(Antananarivo, Madagascar) The visit of Pope Francis to the Red Island of Madagascar caused the colours and smiles of this land and the people who inhabit it to bounce off the screens of the four corners of the planet. Madagascar, like other developing countries, lives in times of great effervescence and ecclesial growth. The Catholic Church is now the largest Christian presence in Madagascar (8 million out of a total population of 24), booming compared to other Christian denominations and the traditional animist religion. A particular reason for pride lies in the fact that Catholic believers represent the poorest mass in the country.
An important contribution to this growth was given, with little doubt, by the Redemptorist Missionaries of the Neapolitan Province. Arriving on the island in October 1967, at the request of the Archbishop of Diego-Suarez, Msgr. J. Wolff (with the Friars Luigi Pentangelo and Vincenzo Sparavigna), the Redemptorists consecrated themselves at first to the pastoral work of evangelization in the northern areas. The foundation of the first house in the capital Antananarivo, in 1989, marked the opening of the formation of new candidates to the Redemptorist life and the start of a vast work of social promotion, which counts about thirty schools (primary, secondary, high schools), two maternity clinics (the last one of which was recently inaugurated), three health clinics, an agricultural and craft training center, a boarding school for poor children, two catechetical training centers, various training facilities and social assistance. A very important fact is given by the scholastic formation. Thanks to the support of the Mother Province, through a specific project (Redemptorist Foreign Missions), the Redemptorists of the Vice-Province of Madagascar today form more than 7,000 children, among the poorest. Many of the schools are located in countryside and forest villages where, along with literacy, the Christian faith is also installed.
Evangelization in developing countries does not happen, as is sometimes thought in Europe, through forced conversions or active proselytism. It spreads rather on the wings of charity and solidarity, without any form of taxation or publicity. Many of the children who ask to attend our schools, coming from backward families or from other religions, receive along with human education also a Christian formation that leads them to choose, without any compulsion, to be part of the great ecclesial family. Many of the poor, whom we witness without religious discrimination, freely ask to become Christians, somehow fulfilling the promise of Jesus: “See your good works and glorify the Father” (Mt 5:16). Not to mention the hundreds of villages that the Redemptorists assist pastorally, visiting many of the churches on foot. The territory of some of our parish communities has an area of 7,000 square kilometres (as much as an Italian region) and more than one hundred churches and Christian communities within it.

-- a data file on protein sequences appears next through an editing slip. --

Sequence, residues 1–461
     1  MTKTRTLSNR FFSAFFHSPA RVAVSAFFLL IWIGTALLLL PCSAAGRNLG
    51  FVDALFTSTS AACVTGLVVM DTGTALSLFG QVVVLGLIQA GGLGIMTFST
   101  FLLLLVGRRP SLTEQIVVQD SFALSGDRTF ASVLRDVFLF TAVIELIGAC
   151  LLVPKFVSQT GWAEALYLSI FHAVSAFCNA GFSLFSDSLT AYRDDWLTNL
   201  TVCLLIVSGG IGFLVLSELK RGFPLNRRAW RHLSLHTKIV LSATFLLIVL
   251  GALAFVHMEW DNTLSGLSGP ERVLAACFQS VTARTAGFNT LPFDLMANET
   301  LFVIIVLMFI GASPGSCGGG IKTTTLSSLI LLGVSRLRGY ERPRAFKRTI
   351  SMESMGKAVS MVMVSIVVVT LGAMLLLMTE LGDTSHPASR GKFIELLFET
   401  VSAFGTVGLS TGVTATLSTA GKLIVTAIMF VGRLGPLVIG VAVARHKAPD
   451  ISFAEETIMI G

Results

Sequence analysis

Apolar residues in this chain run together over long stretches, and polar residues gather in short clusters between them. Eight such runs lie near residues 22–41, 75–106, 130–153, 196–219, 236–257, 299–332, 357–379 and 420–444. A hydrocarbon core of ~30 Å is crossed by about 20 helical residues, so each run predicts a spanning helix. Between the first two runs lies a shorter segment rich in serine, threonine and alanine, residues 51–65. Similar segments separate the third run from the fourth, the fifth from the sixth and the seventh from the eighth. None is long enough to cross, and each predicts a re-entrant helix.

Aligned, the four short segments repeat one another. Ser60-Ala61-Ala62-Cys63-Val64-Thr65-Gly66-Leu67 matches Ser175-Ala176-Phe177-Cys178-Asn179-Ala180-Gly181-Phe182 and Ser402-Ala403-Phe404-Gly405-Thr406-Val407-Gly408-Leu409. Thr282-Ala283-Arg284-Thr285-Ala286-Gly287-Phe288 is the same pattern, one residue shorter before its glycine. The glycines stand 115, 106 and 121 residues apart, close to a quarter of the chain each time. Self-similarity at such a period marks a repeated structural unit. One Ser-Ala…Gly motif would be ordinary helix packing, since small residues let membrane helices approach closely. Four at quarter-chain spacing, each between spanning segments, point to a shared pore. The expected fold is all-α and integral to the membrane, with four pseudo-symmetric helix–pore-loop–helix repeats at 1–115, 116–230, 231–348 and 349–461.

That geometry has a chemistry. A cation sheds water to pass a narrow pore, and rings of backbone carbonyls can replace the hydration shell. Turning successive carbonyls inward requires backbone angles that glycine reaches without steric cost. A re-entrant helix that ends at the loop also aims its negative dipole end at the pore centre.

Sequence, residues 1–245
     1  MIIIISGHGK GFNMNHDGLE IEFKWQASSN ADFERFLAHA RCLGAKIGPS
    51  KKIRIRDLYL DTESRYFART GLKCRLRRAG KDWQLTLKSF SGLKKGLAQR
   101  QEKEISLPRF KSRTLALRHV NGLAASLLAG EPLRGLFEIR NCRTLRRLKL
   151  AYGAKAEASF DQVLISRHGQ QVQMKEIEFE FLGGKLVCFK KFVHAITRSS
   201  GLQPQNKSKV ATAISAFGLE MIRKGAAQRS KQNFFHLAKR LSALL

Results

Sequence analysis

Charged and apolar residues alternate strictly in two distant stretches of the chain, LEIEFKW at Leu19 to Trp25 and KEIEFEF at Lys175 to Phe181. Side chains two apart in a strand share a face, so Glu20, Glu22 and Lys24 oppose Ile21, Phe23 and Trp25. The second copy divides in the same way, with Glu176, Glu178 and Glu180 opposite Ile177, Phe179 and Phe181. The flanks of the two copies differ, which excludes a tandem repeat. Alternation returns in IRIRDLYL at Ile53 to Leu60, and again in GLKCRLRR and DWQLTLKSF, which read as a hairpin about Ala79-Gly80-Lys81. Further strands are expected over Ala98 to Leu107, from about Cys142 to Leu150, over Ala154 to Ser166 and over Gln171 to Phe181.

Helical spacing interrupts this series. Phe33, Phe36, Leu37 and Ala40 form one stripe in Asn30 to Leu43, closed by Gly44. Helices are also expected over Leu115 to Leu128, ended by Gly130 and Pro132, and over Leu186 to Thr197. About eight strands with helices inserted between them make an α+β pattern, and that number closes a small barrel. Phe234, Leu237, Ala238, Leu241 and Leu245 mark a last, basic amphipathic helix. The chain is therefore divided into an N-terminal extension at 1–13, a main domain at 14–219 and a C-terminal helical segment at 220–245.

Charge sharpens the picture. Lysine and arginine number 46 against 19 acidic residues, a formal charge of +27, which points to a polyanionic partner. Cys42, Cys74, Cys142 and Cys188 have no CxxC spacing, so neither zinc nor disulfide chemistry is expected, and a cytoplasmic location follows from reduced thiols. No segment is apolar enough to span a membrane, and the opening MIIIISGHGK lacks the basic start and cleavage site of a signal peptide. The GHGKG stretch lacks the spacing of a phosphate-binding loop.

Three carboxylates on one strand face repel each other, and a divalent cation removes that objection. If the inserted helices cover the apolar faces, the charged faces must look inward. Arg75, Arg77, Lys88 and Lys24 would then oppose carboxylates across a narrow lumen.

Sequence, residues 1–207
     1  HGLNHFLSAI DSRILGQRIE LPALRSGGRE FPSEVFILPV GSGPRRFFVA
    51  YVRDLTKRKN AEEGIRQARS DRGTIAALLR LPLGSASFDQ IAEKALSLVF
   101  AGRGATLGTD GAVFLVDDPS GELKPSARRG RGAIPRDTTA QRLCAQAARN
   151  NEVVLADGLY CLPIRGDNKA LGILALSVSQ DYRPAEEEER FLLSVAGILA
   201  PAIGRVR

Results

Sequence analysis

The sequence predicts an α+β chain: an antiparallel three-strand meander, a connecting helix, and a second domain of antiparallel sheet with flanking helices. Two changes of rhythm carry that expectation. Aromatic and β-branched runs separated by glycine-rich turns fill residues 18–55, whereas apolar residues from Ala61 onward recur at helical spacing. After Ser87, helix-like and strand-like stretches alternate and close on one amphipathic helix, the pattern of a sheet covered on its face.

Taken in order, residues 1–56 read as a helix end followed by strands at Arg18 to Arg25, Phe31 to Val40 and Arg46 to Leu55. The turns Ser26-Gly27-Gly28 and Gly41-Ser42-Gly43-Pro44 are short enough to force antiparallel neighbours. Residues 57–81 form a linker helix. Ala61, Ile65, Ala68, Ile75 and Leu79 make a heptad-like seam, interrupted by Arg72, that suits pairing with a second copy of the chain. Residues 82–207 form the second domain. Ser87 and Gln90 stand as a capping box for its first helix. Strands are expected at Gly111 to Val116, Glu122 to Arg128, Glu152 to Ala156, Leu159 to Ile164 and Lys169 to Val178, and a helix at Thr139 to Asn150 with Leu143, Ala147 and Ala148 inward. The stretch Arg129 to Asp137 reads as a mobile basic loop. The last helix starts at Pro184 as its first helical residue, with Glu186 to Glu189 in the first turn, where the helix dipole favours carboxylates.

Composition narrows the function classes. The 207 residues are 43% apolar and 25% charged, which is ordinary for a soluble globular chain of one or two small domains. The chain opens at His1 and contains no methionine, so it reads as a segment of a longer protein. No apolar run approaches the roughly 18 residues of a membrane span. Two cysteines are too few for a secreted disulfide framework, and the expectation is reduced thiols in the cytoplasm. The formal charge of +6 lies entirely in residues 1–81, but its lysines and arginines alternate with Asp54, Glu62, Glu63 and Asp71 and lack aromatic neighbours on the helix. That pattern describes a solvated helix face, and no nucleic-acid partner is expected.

Who could see from the television screen some images of the recent visit of Pope Francis to Madagascar, he was able to taste some ingredients of this young Church: youth (60% of the population is under 18), enthusiasm, colours, dances, smiles … and Redemptorists can be proud of having been among the protagonists of the growth of this splendid reality. Difficulties are not lacking, as in all the young churches of Africa, but above all, there is a great hope, given by the youth and zeal of believers, which is also expressed in a great abundance of vocations to the priestly life and religious (young people in formation in the Vice-Province of Madagascar under currently eighty). To those like me who have had the gift and the privilege of working for a few years in this Church.
Lorenzo Gasparro, CSsR.